Second article in a series on the charism and spirituality of the Movement
A few years ago, on a visit to Fatima, I went to the Carmelite convent to pray Vespers with the Sisters, according to the explicit permissionn set out in their schedule. I knelt in the welcoming church as a Sister emerged from the inner convent to prepare the altar and expose the Lord. She did everything with respectful, eloquent gestures, and then returned inside out of sight. A few minutes later, the shuffle of footsteps announced the arrival of the entire community to the church choir just behind the lattice. The organ began to play and melodious voices began to raise a sung praise to God. It seemed I was in Heaven.
An hour and a half later I arrived home at my own house in Mogofores. The family was just beginning the Family Prayer. I had to knock on the door a few times before anyone heard me, and no, it was not because of angelic voices in prayer: it was more like an organized shouting session, with tambourines, dancing, and even barking dogs. As I went in, a hoard of children hugged me with shouts of joy: “Mum, come in, it’s time to pray!” We praised, we sang, we gave thanks, we read and commented on the readings of the daily Mass and we prayed the Rosary. In the middle of all this, Antonio made a tantrum when Lucia cut him off during his turn to say his thanks out loud. And Sara was sulking because nobody remembered to ask her to lead a mystery of the Rosary. Niall had to give a few shouts to impose a little order and concentration.
I laughed inwardly, thinking of the Carmelite sisters in Fatima … Then, with my heart full, I thanked God for my little family monastery. And I was absolutely sure that the out-of-tune sounds rising up from my house pleased the Lord just as much as the harmonious sounds of the convent.
Contemplative religious orders are made up of convents, each independent from the others. When a young man or woman chooses the monastic life, he or she also chooses a house where, in principle, he/she will live to the end of his/her days, because unlike the active life orders, there is very little movement between convents and monestaries in the contemplative life. The unity between the various communities is born only from the unity of the charism.
The Families of Cana inherited this and other values from this great fortification which is the monastic life. In our Movement, each family is an independent house, a true domestic Church. The Movement is constituted by many of these little houses, as the Carmelite order is constituted by many independent convents.
I have been asked the question various times: Can a Family of Cana live in community with others, as in the so-called “new communities” (Canção Nova, Shalom, Emanuel), sharing not only the same street, but also a life and prayer? The answer is, as it was explicitly stated, “no.” Each Family of Cana is a small monastery, independent of all the others, although sharing with all the others the same charisma.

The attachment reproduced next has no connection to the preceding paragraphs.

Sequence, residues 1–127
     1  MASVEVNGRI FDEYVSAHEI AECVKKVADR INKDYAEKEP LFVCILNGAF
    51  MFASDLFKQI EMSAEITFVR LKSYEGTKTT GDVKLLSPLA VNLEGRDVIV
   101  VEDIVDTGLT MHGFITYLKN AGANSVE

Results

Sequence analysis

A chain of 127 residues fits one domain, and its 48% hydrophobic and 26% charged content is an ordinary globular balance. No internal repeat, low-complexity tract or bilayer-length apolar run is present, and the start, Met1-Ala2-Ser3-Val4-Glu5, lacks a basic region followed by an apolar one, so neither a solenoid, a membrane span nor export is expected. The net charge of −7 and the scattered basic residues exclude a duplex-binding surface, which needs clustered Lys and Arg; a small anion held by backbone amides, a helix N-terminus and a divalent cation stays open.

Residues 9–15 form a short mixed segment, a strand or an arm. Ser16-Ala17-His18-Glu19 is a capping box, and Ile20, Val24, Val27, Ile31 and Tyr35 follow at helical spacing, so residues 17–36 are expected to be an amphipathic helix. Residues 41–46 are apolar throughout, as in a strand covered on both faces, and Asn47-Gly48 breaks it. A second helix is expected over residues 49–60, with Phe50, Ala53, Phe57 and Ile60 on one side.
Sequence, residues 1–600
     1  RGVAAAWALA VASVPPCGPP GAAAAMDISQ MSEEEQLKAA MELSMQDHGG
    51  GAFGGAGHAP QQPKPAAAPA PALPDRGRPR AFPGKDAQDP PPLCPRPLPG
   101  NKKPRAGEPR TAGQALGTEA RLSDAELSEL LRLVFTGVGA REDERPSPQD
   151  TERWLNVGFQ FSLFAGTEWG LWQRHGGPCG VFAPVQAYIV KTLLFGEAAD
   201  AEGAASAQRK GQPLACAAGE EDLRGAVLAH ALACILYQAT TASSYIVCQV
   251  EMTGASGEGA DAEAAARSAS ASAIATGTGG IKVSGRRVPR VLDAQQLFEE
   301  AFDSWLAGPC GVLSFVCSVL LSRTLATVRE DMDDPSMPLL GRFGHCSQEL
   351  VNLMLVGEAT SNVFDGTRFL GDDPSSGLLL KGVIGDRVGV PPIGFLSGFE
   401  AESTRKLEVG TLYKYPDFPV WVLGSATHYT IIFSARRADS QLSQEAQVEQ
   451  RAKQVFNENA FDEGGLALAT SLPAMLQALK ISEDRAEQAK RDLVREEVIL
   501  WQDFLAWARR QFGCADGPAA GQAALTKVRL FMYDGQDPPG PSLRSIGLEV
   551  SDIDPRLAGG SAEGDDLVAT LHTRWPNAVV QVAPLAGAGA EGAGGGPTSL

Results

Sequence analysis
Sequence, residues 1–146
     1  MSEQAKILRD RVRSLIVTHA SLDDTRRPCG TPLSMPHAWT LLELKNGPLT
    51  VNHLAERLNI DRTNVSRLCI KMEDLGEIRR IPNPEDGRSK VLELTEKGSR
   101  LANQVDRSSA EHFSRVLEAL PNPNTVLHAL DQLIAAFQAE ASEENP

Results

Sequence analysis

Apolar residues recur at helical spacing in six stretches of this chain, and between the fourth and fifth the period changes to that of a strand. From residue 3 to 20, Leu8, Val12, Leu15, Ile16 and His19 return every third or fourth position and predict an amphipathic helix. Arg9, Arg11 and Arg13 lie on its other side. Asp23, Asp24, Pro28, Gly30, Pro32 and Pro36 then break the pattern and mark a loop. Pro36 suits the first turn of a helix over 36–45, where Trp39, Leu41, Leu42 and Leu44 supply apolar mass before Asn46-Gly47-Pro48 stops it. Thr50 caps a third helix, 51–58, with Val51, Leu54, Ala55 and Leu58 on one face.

It also makes no sense to compare the Families of Cana and conjugal movements like the Teams of Our Lady. In these, belonging to the “team” defines belonging to the movement, as you can read on their official website: “Couples (…) decide to form a team and establish a community of faith to walk together on a path of conversion (…) the teams consist of an indicative number of 5 to 7 couples and a priest, designated Spiritual Counselor.”
But then, don’t the Families of Cana ever get together? Of course we do! We meet up many, many times, especially here, in the Cana Prayer Corner, for retreats, meetings, camps and, evermore frequently, instruction and learning together. At the beginning of the next pastoral year, we plan on publishing a calendar of teaching and instruction meetings that will be available more or less on a monthly basis.
We also meet up in the Villages of Cana. We call them “villages” precisely because of their simplicity, their lack of structure, the friendship that underlies the relationships between “neighbors”, who help each other when necessary, who respect privacy when necessary as well, who meet when appropriate and possible, without too many fixed rules.
Nevertheless, neither the Villages nor the meetings at the Cana Prayer Corner can replace the two most important meetings of the Families of Cana, which are the daily gathering of each individual family, in the privacy of their own home, gathered round their family pryer corner at prime time. The other is the weekly encounter at Sunday Eucharist, in the local parish church. It is these meetings that form the true community of Cana: the family community of each of us. Like the community of the Holy Family of Nazareth, Jesus, Mary and Joseph.
In this way, each Family of Cana is like a small monastery, where the Lord is cherished, praised, served, loved. “We, Us Jesus!” We pray every day. And He stays with us and, almost without realizing it, leads us safely to the our final home in Heaven …